10 BED Bug Myths
Bedbugs was once defeated but know they are in every corner of the earth. Cimex lectularius—small, compressed insects that feast exclusively on mammalian and avian blood—have been dwelling alongside humankind since ancient times. Plentiful in the U.S. preceding to World War II, bed bugs completely disappeared during the course of the 1940s and ’50s due to developments in hygiene and the usage of insecticides. Within the last ten years, however, the pests have organized a reappearance worldwide—a breakout following the 2000 Summer Olympics in Sydney was a sign of things to come. This resurgence may be the most severe yet, professionals say, because of to largely populated urban areas, world-wide travel and growing pesticide resistance—something to give consideration to as the summer traveling season gets started.
“By every metric that we use, it’s getting worse and worse,” says Coby Schal, an entomologist at North Carolina State University in Raleigh. Health authorities and pest control operators are regularly flooded with calls, and the epidemic may not have yet peaked. And because bedbugs are indoor pests, there are no high or low seasons throughout the year, he adds, only continual bombardment. “It’s just the beginning of the problem in the U.S.,” Schal says.
Myth 1: Do Bed Bugs Fly
Bed bugs are not flyers. They can crawl up to a meter all in one minute. Bedbugs a great crawler and hide into cracks and crevices…They are light and can be drifted by the wind, this makes them look like flyers. They are not.
Myth 2: Bedbugs produce quickly
Compared with other insects, bedbugs are slow to reproduce: The adult bed bug produces one egg a day. That may sound like a lot. The house fly can lay over 500 eggs over four days. Bed bugs reproduce slowly.
Myth 3: Bedbugs can typically live a year without a meal
It’s been said by experts that bedbugs can last up to two to three months without a blood meal. The temperature should be around 74.00-degree F. The cooler the weather, the metabolism slows down and could cause the bed bugs to live up to a year without a meal.
Myth 4: Night, Night bed bugs bite
Bed bugs are nocturnal by nature. They usually come out at night when you are at rest. However, that myth is not real. If the bed bugs are hungry, they will come out at night. If you are gone, and return, you will be the first meal in site.
Myth 5: Bedbugs live only in mattresses
Bed bugs are just the name. In fact, they live in suitcases, trains, suitcases, and movie theaters. Were ever there humans you will find bed bugs.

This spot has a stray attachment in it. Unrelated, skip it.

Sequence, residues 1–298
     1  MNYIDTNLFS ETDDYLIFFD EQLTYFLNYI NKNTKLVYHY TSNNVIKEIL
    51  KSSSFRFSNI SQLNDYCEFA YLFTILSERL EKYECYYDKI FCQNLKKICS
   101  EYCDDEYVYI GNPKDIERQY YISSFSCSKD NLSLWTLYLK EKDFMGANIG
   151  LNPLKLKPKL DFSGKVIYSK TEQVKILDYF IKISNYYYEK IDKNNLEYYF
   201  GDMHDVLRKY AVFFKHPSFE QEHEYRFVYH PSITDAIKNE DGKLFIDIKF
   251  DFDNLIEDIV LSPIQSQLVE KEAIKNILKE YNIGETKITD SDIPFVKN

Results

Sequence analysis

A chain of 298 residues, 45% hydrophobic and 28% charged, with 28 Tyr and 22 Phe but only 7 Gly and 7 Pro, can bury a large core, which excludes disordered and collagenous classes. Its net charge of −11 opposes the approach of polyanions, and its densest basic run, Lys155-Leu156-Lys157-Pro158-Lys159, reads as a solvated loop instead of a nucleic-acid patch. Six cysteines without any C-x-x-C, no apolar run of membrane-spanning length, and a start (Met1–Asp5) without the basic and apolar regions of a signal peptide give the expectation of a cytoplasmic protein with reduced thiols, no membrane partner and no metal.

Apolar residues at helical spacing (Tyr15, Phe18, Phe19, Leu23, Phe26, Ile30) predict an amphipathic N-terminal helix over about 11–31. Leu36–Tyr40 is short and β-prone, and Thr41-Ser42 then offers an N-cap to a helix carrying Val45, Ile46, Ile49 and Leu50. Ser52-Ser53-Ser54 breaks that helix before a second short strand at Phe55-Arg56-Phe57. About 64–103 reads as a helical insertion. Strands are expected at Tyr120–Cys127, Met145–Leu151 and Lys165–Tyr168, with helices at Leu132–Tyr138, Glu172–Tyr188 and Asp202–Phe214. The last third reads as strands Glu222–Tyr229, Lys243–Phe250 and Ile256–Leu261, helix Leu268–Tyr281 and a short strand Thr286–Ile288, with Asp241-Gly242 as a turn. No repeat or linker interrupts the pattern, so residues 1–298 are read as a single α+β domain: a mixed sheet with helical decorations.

Myth 6: Bedbugs like dirty, urban conditions
Bedbugs do not discriminate when it comes to choosing their home. You can live in a luxurious penthouse and stay in a five-star hotel. Bedbugs will find their way there. You can have the dirtiest house on the block and not have one bed bug in site. But the majority of the bedbugs are in low-income areas. Mainly because the bugs are very expensive to get rid of.
Myth 7: Bedbugs travel on our bodies
Bed Bugs can be killed with heat, therefore they do not like heat. Bedbugs do not attach to our hair or skin like ticks and lice do. Our bodies give off heat and they prefer not to cling to us. Bed bugs are the best hitch hikers among insects and will travel by backpacks, shoes, luggage and things that are removed from the body.
Myth 8: Bedbugs carry disease
Bedbugs’ bites can bite can traumatize an individual more than any other insect on the planet. You can get anxiety, sleeplessness and infections by scratching constantly. Bed bug harbor human pathogens: At least 27 viruses, bacteria, protozoa and more have been found in bedbugs, although these microbes do not reproduce or multiply within the insects. With all this found, bed bugs have not been known to carry disease to humans.
Myth 10: You can spray bedbugs away
The best way to get rid of bedbugs is through heat treatment or fumigation. Remember bed bugs hate heat. Heat kills bed bugs. The problem with the heat treatment is that it is expensive. The treatment can cause up to 3500 dollars, which makes this treatment out of reach for most families with limited income resources. Store bought chemicals have resistance and will not kill bed bugs at a professional level. The traditional way of killing bed bugs is probably the best…consist of vacuuming, dust, and residual. It takes time to apply this method, but it is efficient.
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